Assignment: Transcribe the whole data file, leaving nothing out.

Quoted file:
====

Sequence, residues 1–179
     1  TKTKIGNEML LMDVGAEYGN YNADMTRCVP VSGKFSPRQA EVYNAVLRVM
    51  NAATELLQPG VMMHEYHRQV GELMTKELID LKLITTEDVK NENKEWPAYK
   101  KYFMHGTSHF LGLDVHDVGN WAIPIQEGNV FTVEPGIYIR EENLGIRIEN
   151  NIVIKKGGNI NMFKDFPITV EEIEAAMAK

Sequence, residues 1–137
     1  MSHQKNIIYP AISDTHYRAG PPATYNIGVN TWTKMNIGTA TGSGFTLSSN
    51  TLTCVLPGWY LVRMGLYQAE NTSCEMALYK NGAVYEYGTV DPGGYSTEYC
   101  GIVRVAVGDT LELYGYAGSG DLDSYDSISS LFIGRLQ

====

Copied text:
Sequence, residues 1–179
     1  TKTKIGNEML LMDVGAEYGN YNADMTRCVP VSGKFSPRQA EVYNAVLRVM
    51  NAATELLQPG VMMHEYHRQV GELMTKELID LKLITTEDVK NENKEWPAYK
   101  KYFMHGTSHF LGLDVHDVGN WAIPIQEGNV FTVEPGIYIR EENLGIRIEN
   151  NIVIKKGGNI NMFKDFPITV EEIEAAMAK

Sequence, residues 1–137
     1  MSHQKNIIYP AISDTHYRAG PPATYNIGVN TWTKMNIGTA TGSGFTLSSN
    51  TLTCVLPGWY LVRMGLYQAE NTSCEMALYK NGAVYEYGTV DPGGYSTEYC
   101  GIVRVAVGDT LELYGYAGSG DLDSYDSISS LFIGRLQ